Stress blights our lives. It is a product of a busy life and although a certain level of stress can fuel us on to bigger and better things when it is out of control, it swamps us.
How do you create a home environment that reduces stress and dampens anxiety?
Here are five top tips…
Tip 1 – Give yourself every chance of being able to store stuff away
‘Stuff’ accumulates. It can be seemingly random items clustering together at key places in our home. This doesn’t create the relaxed space we are looking for. It leads to a lot of clutter in the eye line and is far from the welcoming atmosphere we want when we arrive home.
Storage solutions need to be…
- Practical – from shoe racks at the front door to small baskets to hold smaller items, any storage solution needs to offer a practical solution.
- Suitable – for some items, a box with a lid is essential, for others, a pretty basket may work, or shelving… as well as practical, it needs to be an appropriate and suitable solution too.
- Accessible – and finally, if you cannot easily access items, the storage solution, whether it is a box in a cupboard or a shelf in the hallway, just won’t get used. It needs to be easy to use and to grab things from.
Tip 2 – Focal points that lift the spirits
The hallway is an important space in any home, from the bachelor pad to the family home. It is the space that you and anyone else first see when they walk in.
But it is a transient place, somewhere we don’t linger and this causes sparsity in our attention to detail in the hallway. It can lack colour, depth and texture and so if you don’t try this tip anywhere else in the home, try it in the hallway.
Create a feature wall, enjoy a patterned wallpaper that you love or invest in a piece of artwork or a wall accessory such as a mirror for this important space – but it needs to make you smile!
Tip 3 – Structure a space
When you dress a room, on what criteria do you decide to include furniture in it? Why is it you choose that particular colour of rattan corner sofa for the conservatory, or why you have the fitted bookshelf in the bedroom?
Sometimes, we add things because we think they should be there like the rattan corner sofa is a staple of the conservatory or the bookshelves in the bedroom. But unless it services your need, it is not adding structure to a room but detracting from it.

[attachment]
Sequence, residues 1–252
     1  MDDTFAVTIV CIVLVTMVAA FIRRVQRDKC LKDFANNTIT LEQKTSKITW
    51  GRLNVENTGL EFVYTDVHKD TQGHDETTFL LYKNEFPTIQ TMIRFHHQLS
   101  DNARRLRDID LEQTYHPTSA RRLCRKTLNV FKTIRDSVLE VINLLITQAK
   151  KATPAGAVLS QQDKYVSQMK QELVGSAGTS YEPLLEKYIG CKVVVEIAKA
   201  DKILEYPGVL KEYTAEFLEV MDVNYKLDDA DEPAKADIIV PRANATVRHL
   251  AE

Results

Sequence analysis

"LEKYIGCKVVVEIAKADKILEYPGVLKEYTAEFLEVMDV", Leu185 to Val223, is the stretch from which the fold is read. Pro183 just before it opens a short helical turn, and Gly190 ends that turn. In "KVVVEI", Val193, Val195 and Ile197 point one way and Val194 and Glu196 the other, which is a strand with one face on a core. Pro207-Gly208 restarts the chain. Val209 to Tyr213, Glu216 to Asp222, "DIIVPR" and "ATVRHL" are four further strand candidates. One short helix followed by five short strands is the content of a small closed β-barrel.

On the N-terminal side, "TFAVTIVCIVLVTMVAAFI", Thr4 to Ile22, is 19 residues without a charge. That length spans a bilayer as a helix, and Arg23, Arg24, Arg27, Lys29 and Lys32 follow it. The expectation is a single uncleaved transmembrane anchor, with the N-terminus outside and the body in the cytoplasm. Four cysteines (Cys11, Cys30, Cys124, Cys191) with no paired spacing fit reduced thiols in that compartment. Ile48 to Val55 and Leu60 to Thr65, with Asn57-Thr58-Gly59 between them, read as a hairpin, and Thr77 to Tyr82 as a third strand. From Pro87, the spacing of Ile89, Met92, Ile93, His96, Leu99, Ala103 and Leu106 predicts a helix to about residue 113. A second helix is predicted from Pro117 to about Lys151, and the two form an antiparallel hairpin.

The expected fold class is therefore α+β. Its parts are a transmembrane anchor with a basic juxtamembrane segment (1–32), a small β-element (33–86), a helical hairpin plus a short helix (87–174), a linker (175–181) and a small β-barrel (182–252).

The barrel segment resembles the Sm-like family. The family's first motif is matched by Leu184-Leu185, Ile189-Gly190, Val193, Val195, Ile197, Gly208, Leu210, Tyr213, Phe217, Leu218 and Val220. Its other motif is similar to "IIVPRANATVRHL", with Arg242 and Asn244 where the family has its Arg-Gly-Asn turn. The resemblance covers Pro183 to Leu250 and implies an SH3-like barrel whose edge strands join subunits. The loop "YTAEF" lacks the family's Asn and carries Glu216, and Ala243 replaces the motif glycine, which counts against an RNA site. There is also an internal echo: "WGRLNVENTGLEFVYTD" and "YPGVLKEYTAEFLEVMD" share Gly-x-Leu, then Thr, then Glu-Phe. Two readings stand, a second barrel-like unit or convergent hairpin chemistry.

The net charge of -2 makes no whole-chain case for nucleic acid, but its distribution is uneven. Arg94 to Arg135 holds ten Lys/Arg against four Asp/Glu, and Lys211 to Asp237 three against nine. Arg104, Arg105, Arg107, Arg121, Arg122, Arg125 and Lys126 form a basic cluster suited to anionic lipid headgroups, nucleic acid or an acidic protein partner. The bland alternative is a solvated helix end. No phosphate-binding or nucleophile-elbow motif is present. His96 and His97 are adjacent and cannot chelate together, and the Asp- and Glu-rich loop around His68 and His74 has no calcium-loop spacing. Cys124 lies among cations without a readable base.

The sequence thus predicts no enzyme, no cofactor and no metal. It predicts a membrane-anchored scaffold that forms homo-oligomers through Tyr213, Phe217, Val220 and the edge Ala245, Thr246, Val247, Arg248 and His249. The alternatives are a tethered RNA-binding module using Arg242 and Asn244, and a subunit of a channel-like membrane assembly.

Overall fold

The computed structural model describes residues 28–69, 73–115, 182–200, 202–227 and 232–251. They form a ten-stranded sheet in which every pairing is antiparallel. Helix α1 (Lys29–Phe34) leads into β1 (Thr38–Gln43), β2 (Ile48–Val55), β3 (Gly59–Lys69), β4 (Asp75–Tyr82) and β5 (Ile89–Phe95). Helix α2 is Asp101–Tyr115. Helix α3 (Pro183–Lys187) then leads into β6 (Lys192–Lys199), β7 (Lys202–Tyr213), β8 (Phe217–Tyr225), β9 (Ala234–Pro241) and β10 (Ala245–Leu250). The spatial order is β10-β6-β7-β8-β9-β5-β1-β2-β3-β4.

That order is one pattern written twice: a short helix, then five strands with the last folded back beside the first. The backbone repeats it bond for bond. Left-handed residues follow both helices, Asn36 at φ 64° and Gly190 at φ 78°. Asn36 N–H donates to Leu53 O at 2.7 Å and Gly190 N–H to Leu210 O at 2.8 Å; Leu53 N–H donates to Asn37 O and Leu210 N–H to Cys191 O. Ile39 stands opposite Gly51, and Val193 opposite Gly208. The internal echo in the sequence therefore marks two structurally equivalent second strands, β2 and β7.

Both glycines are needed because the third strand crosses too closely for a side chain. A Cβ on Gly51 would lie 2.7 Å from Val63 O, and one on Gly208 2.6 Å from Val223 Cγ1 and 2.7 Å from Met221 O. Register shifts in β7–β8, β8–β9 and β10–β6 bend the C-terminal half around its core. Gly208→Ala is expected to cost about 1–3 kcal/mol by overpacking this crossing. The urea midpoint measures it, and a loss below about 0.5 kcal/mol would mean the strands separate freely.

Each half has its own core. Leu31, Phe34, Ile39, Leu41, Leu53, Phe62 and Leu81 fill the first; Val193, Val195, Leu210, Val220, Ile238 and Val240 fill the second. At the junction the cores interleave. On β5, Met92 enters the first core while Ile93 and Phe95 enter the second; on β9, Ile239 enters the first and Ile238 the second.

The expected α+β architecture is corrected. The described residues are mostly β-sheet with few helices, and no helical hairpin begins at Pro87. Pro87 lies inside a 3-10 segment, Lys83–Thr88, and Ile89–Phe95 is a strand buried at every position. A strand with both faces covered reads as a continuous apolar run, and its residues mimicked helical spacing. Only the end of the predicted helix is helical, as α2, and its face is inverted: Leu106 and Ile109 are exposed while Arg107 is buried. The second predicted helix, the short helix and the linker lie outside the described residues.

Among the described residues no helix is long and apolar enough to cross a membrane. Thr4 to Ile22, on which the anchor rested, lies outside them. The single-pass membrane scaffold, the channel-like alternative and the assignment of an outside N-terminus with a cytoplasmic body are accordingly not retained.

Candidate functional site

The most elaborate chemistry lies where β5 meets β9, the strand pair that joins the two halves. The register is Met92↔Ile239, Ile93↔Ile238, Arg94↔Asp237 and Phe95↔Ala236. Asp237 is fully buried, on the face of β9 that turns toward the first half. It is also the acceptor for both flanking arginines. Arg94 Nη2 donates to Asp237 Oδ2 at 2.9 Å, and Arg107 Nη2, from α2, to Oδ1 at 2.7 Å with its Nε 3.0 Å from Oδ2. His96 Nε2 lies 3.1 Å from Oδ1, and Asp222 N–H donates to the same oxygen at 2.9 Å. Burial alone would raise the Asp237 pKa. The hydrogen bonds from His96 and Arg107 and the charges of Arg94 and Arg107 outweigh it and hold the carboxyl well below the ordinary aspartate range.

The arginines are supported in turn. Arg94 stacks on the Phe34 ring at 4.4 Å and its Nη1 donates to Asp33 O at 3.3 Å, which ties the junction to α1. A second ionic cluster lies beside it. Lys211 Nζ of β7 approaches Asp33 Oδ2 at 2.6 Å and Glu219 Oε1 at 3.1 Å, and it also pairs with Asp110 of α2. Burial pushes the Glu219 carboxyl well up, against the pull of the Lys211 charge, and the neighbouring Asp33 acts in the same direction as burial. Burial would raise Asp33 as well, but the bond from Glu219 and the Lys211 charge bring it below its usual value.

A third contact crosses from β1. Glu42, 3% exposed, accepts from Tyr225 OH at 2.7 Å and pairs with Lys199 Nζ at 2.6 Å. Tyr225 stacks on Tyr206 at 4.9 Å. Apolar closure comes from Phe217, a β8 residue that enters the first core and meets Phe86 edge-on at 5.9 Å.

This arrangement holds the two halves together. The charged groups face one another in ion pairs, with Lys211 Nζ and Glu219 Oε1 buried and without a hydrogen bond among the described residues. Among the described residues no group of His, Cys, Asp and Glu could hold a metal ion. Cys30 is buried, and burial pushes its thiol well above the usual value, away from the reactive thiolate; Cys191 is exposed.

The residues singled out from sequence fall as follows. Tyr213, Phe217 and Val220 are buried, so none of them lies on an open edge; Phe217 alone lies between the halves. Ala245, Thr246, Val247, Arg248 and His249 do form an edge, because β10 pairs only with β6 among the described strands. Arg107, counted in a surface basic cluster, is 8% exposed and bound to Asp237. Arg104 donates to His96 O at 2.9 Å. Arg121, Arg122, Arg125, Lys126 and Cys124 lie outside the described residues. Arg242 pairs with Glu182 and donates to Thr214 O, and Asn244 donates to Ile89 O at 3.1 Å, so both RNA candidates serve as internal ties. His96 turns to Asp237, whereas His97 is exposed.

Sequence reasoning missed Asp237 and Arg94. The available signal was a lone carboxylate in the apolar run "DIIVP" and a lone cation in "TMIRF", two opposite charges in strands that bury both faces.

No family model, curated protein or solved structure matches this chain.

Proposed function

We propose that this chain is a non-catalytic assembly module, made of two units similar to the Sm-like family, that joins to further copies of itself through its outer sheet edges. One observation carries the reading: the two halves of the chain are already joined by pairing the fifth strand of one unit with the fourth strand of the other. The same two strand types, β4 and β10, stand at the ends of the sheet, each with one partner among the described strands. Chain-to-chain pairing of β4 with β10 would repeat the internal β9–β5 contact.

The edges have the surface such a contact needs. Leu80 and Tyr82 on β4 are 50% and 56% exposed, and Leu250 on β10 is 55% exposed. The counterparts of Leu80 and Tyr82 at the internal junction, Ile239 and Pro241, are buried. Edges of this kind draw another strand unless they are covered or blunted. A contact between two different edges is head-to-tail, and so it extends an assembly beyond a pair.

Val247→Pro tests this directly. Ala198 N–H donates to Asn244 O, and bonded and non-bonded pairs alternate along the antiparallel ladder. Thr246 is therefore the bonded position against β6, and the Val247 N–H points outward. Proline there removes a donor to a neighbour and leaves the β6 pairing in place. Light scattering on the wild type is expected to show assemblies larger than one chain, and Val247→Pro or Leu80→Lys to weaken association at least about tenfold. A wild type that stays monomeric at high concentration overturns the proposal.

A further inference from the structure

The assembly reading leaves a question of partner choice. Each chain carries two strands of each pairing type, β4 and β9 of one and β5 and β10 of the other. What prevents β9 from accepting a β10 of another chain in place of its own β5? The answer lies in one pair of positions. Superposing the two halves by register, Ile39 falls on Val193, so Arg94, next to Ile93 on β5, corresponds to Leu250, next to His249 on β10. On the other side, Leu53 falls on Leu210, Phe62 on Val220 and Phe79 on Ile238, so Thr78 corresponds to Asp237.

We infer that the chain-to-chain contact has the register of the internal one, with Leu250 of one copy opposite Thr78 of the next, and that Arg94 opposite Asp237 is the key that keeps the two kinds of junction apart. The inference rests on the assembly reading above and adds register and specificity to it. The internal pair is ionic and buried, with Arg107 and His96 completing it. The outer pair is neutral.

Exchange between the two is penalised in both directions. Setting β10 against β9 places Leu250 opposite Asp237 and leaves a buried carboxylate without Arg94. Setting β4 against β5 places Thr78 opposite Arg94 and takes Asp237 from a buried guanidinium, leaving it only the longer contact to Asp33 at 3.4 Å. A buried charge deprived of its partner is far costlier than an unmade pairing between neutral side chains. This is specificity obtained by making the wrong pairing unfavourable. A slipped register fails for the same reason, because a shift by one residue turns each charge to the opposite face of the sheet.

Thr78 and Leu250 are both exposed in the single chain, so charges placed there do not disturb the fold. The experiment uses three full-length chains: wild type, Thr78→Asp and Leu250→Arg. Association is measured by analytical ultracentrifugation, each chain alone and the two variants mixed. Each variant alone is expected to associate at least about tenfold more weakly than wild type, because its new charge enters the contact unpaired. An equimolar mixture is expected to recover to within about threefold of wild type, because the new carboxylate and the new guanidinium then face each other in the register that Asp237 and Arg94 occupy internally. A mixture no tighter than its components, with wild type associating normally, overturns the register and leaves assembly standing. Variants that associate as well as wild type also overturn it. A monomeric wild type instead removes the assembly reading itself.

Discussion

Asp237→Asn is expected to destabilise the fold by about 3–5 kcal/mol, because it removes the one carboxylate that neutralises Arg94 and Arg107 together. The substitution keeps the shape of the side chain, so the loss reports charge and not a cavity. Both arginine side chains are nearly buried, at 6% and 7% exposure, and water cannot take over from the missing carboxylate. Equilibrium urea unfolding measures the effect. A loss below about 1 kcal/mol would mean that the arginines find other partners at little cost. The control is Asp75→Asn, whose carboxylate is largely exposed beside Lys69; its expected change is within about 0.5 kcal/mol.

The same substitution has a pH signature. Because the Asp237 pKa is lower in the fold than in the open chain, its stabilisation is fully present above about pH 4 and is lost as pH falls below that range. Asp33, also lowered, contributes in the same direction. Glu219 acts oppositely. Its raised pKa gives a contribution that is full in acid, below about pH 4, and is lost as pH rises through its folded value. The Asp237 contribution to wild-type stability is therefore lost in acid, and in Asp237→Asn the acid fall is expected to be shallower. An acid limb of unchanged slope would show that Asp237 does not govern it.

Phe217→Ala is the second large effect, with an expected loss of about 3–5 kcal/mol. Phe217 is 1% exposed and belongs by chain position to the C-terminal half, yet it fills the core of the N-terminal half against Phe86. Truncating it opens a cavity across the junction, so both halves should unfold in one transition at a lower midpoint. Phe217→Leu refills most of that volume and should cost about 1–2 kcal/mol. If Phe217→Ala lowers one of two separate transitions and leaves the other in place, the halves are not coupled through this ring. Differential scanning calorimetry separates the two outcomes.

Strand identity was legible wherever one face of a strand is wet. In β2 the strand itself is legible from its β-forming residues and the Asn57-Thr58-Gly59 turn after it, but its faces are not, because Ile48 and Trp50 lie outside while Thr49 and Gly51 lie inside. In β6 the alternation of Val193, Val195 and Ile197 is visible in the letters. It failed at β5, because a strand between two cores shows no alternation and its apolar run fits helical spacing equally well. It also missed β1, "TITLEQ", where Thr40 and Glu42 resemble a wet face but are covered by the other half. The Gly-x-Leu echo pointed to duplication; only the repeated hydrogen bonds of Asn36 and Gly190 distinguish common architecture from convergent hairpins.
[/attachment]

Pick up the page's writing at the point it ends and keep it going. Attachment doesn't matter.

In other words, structure rooms so that they suit your needs for that space. If you read in the bedroom or have a collection of rare books, then a fitted, bespoke designed bookshelf makes sense. Or if you use the conservatory as social space, the rattan corner sofa makes sense but less so if you want to use it as formal dining room…
Tip 4 – Hold back on bold colours and patterns
Big, bright colours may be ‘cheery’ but they can also be too much, exacerbating your anxiety and stress, Lighter colours can make a space feel cold and so layering patterns is a way of adding depth, texture and detail…
But all these things combine to create a less than restful space, right when we need it most. Use fewer patterns and take care with your choice of colours – what feels relaxing to you?
Blues are known to lower blood pressure, green is great for creativity but also relaxing and calm and a light yellow helps to lift your mood to a sunnier disposition but what about other colours and their effect on mood?
Tip 5 – Textures are key
As you relax back onto the sofa, a chilled glass of your favourite tipple in hand, what do you want to physically feel around you?
Maybe it is the softness as you stroke the cat or the deep pile of a shaggy wool rug in-between your toes… texture and what we physically feel against our skin is important to allow the mind, body and soul to unwind.
Softer textures work wonders, as does feeling warm when it is cold, and cool-to-touch fabrics when it is warmer. Add layers of wool throws to your sofa or your bed, don’t rule out deep pile shaggy cushions and rugs either.
Your home should envelop you as you arrive home, soothing the stresses and strains of the day. Does your home do that?